“Pitha Utshob”, a fair showcasing traditional cake, arranged by BRAC University Heritage Forum (BUHF) added new enthusiasm among the students. Every year, BUHF organizes this fair to introduce students with Bangladeshi culture. The venue was an open place in the campus known as “Prangon” where students brought varity of cakes. “Prangon’’ was beautifully decorated and stalls were set up. Popular Bangla songs played in the background added more delight to the enthusiasm of the fair.
At the auditorium and cafeteria areas, OCA organised several programs including magic & comedy shows and indoor games. The event was support by e-commerce site Daraz Bangladesh Ltd.
A seminar titled “Public Health’ was held on February 11, 2017, in BRACU Savar Campus. The purpose of the seminar was to familiarize students with the benefits of health and well-being and also help them gain basic knowledge regarding sexual and reproductive health. Mr. Md. Morshedul Haque, Senior Dorm Supervisor, introduced the guests at the beginning of the seminar.
The seminar was a combined session which was divided into two parts: while the female students took part in the session, the males watched a documentary in different classrooms and while the male students participated in the session, the females watched the documentary.
One of the sessions was facilitated by Mr. Kuhel Faizul Islam, Program Coordinator of James P. Grant School of Public Health (JPGSPH). Few common but vital factors were covered in the session such as basic hygiene, consequences of junk food, smoking, drug abuse and others. The other session was conducted by Ms. Tasfiyah Jalil, Project Coordinator of JPGSPH, which focused on how to live a sound sexual and reproductive life and take decisions independently. After each discussion, students took part in a question/answer session.
Overall, it can be deemed as an effective session in terms of sharing knowledge and being conscious about 'health and well being’.
The James P Grant School of Public Health, along with BRAC, and BRAC Institute of Governance and Development signed Memorandum of Understandings (MoUs) with the Institute of Development Studies, University of Sussex. The MoUs will consolidate partnerships between these institutes and will be the foundation for future joint research ventures while endeavouring to produce mutually beneficial framework for future collaborations, with the over-arching goal of reducing poverty and inequality.
Ahmed Mushtaque Raza Chowdhury (Vice Chair, BRAC; Advisor to JPGSPH); Sabina Faiz Rashid (Dean, James P Grant School of Public Health); Sultan Hafeez Rahman (Executive Director, BRAC Institute of Governance and Development); and Melissa Leach (Director, Institute of Development Studies) officially signed the MoUs.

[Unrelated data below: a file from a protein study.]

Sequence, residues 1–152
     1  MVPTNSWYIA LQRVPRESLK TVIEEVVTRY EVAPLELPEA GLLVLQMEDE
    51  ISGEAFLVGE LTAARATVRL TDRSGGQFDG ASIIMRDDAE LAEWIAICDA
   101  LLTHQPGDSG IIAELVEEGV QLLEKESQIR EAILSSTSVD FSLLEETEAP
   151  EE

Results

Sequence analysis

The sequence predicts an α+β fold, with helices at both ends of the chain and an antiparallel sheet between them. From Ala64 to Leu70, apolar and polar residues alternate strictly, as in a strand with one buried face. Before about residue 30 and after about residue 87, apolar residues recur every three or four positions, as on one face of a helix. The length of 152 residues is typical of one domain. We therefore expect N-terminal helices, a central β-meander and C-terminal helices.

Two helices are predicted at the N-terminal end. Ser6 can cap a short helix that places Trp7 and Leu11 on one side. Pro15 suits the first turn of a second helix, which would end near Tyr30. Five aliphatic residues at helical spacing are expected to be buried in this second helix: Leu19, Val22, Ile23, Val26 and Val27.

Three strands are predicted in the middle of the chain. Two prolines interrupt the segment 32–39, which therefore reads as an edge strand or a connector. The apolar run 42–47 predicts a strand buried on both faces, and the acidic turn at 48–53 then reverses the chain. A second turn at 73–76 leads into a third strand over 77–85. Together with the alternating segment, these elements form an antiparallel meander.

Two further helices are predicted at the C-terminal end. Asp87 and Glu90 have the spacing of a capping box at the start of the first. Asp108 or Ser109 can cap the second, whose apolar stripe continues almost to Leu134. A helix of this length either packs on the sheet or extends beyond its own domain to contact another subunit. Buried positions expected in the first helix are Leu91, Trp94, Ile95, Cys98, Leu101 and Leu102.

The MoUs were signed as part of a wider series of events taking place at IDS and in the UK parliament, looking at the rapid progress of development in Bangladesh over the last forty years.
Bangladesh has successfully taken to scale a number of interventions that have brought innovative changes in the social sector. However, there is a lack of documentation on lessons learned from previous experiences of adopting and scaling-up interventions. To address this gap, the James P Grant School of Public Health and UNICEF, under the patronage of Implementation Monitoring and Evaluation Division of the Government of Bangladesh, have partnered to form the Centre of Science of Implementation and Scale-Up.
The new Centre was officially launched on 13 February and will endeavour to document best practices, conduct evidence-based advocacy and institutionalise capacity-building on the science of scaling up interventions, bridging the worlds of academia and policy-making for increased evidence-based decision-making on scaling up proven interventions.
Conference on Asia-Pacific Conference on Education, Society and Psychology (APCESP) 2017 was held in the Seoul, South Korea from February 07-10, 2017. One member from the Counseling Unit, Ms. Anne Anthonia Baroi, Psychosocial Counselor and Lecturer attended the conference where she orally presented her article on “Impact of Psychological Counselling on Posttraumatic Stress Disorder Victims of Rana Plaza Tragedy”. The aim of this study is to investigate the impact of psychological counselling on victims with PTSD from the Rana Plaza tragedy. This piece of research also indicates that psychological counselling can effectively reduce the trauma of the victims of the Rana Plaza Tragedy. Especially to show that if skills training and psychological treatment could be combined, the impact will be strong and positive. The paper was also published in the conference proceedings.
Moreover, Ms. Anne Anthonia Baroi also participated as a Chair of a session in the conference. In this conference, presenter got the opportunity to know about various theories of Psychology and the new advancement in the areas of Psychology. Besides that, this conference brings the chance to exchange knowledge with the other participants of the conference.
Dr. Khan Md Raziuddin Taufique, Asst Professor, BRAC Business School has participated in a five-day research methodology workshop on ‘Impact Evaluation of Climate Change’ from 5 to 10 February 2017. The workshop was organized by Indian Society for Ecological Economics (INSEE) which is affiliated with International Society for Ecological Economics. Dr. Khan Taufique is also a life member of INSEE. The workshop was funded by the National Bank for Agriculture and Rural Development (NABARD) and hosted by Institute of Economic Growth, University of Delhi, India.
As it was a fully funded conference, the selection process was very competitive where only 19 percent of the applicants were invited to participate in the workshop. The workshop covers a range of research tools for impact evaluation with special focus on basic econometrics, randomized control trials (RCT), Difference-in-Difference (DID), sampling and experiment design, instrumental variables and application of impact evaluation tools in agricultural research. A total of 35 participants from different countries attended the workshop. All participants presented their research proposals at the end of the workshop and certificates were distributed accordingly.